The Kansas Medical Board holds a hearing to debate whether his undergraduate license should be revoked and, shocker, they rule that he’s been misleading (and endangering) patients with a bogus procedure and false advertising for years. Shortly after, the Federal Radio Commission refuses to renew KFKB’s license for similar reasons. They also find his content to be too obscene for the virgin airwaves. Probably something to do with the focus on intimate goat anatomy.

But Brinkley is not to be deterred. He launches a write-in campaign for governor, and his pre-existing popularity and name recognition earns him 30% of the vote. He tries to run for office twice more to no avail, but the setbacks don’t stifle his ambition. Determined to be heard, he establishes a radio station barely out of reach of the jurisdiction of the Federal Radio Commission in Villa Acuna, Coahuila, Mexico—where he can taunt those lousy bureaucrats from just across the border. This station is so powerful that he’s able to spread his eccentric gospel to audiences as far as Alaska.

At the peak of his operation, Brinkley was raking in millions, but a series of lawsuits later in his life bankrupt him for good. He practices in Texas until attempting to sue the Journal of the American Medical Association, incidentally exposing his own spurious qualifications and complete lack of credible medical training in the process. Perhaps for the best, his practice falls apart. He’s later sued for malpractice, indicted for mail fraud and investigated for tax evasion by the IRS. Mr. Brinkley finally meets his end in 1942, following two heart attacks and a leg amputation, with nary a dollar to his name.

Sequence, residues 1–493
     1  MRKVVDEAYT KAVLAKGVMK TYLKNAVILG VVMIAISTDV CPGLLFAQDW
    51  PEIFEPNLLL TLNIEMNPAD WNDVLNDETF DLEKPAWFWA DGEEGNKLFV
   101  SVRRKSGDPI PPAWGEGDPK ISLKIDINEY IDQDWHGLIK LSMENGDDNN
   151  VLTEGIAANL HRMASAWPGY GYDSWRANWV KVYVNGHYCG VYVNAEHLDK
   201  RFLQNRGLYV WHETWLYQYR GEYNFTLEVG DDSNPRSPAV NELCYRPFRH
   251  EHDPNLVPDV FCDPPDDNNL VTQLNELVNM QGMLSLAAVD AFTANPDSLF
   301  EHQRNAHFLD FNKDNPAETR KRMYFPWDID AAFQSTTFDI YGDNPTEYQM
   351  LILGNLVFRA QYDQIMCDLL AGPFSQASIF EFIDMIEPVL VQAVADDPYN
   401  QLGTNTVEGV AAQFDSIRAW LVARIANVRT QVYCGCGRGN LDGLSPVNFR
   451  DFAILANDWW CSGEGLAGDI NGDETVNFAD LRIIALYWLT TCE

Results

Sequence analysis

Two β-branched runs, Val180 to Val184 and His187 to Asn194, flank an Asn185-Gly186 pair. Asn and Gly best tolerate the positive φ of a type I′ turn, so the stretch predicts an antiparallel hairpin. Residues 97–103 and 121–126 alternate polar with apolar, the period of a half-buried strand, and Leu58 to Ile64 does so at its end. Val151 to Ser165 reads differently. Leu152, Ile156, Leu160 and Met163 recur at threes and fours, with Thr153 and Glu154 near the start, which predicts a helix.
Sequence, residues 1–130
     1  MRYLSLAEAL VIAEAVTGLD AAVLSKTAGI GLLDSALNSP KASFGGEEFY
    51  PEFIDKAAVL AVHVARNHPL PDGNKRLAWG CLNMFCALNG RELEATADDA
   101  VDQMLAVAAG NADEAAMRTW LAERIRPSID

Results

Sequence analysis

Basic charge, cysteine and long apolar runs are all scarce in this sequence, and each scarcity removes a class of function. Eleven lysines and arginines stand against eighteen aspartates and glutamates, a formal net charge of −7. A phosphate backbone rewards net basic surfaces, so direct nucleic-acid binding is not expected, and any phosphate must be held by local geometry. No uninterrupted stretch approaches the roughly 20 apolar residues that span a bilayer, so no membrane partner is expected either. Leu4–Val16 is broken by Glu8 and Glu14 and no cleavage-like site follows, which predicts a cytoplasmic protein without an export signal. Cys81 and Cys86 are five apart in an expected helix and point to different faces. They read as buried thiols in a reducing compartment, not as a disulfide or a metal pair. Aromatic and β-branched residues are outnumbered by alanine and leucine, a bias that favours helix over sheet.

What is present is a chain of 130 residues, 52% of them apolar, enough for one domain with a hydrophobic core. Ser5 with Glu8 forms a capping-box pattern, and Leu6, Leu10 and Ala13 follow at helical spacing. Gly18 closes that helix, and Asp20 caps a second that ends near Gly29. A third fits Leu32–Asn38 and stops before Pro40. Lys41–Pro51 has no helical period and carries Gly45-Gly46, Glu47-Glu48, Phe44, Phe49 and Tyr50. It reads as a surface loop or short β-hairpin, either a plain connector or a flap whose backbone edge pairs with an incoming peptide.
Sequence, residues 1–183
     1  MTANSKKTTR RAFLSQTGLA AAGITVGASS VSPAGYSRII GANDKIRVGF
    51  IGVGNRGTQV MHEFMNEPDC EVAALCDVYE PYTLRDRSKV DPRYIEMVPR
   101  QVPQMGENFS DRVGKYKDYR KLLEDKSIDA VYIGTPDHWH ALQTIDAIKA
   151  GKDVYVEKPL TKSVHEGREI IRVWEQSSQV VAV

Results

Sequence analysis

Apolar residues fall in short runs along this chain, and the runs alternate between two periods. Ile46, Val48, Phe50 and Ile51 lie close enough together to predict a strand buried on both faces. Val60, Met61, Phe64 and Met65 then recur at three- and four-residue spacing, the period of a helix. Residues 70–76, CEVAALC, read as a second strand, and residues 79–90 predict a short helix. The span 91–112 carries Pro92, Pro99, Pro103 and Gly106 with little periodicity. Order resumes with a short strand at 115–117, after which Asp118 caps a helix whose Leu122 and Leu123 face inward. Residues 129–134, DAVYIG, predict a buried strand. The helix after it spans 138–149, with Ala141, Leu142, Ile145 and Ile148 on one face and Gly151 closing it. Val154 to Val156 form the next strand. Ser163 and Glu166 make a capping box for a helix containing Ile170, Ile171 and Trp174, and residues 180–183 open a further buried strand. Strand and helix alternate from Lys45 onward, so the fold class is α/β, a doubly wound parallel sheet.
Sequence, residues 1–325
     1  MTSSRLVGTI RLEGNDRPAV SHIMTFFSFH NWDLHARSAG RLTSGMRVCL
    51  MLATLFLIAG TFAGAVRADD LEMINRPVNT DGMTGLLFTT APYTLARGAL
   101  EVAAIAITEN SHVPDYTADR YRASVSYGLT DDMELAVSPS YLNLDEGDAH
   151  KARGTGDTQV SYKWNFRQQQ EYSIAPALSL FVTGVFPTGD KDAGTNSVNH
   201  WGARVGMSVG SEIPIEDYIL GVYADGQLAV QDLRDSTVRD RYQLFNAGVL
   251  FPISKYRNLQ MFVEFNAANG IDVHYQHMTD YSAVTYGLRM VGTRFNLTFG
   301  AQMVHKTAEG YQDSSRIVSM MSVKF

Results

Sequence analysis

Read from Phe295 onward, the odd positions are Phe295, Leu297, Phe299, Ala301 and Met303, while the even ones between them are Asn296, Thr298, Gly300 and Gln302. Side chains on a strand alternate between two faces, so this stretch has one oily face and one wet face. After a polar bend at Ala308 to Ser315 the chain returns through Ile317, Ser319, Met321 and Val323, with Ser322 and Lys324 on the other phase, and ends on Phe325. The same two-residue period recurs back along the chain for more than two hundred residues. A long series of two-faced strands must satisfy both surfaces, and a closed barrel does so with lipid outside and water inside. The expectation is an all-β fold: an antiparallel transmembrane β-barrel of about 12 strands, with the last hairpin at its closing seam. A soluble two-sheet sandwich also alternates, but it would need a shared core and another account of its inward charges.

Before his downfall, John R. Brinkley masterfully exploited what was basically the Wild West of radio advertising for personal gain. Today, it’s unlikely that you’ll hear a radio advertisement for an invasive surgery involving inter-species organ donation. Plus, there are standards that fine agencies like yours truly choose to follow. Good marketing is all about solving consumers’ and clients’ problems, and though the false promises of miracle snake oil “solutions” will always exist (the line from goat glands to Goop isn’t straight, but it’s there), the brands that succeed and win audience trust are the ones that can back up their promises with a rock solid service or product.

In 2019, trust is more important than ever. Brands are selling more than just a look or a trend—the intense socio-political pressures of the hyper-polarized world we live in forces many of them to take a stand on certain issues. Their values are just as important as the quality of their product or service. Consumers want brands to align with their beliefs, and they’re more likely to trust (see: spend their money with) brands that support the causes that matter to them. Plus, in the era of “fake news”, deep-fakes and photoshop, consumers put an extra emphasis on authenticity and honesty, which means building brand trustworthiness and rapport is crucial.

In other words, we’ve come a long way since our ancestors flocked to the heartland to go under the knife of a man with a whole lot of goat glands, absolutely no legitimate medical certifications and an empire of deception made possible by the power of early radio advertising. They say truth is stranger than fiction. Wonder what historians will make of Gwyneth Paltrow’s jade egg in 80 years.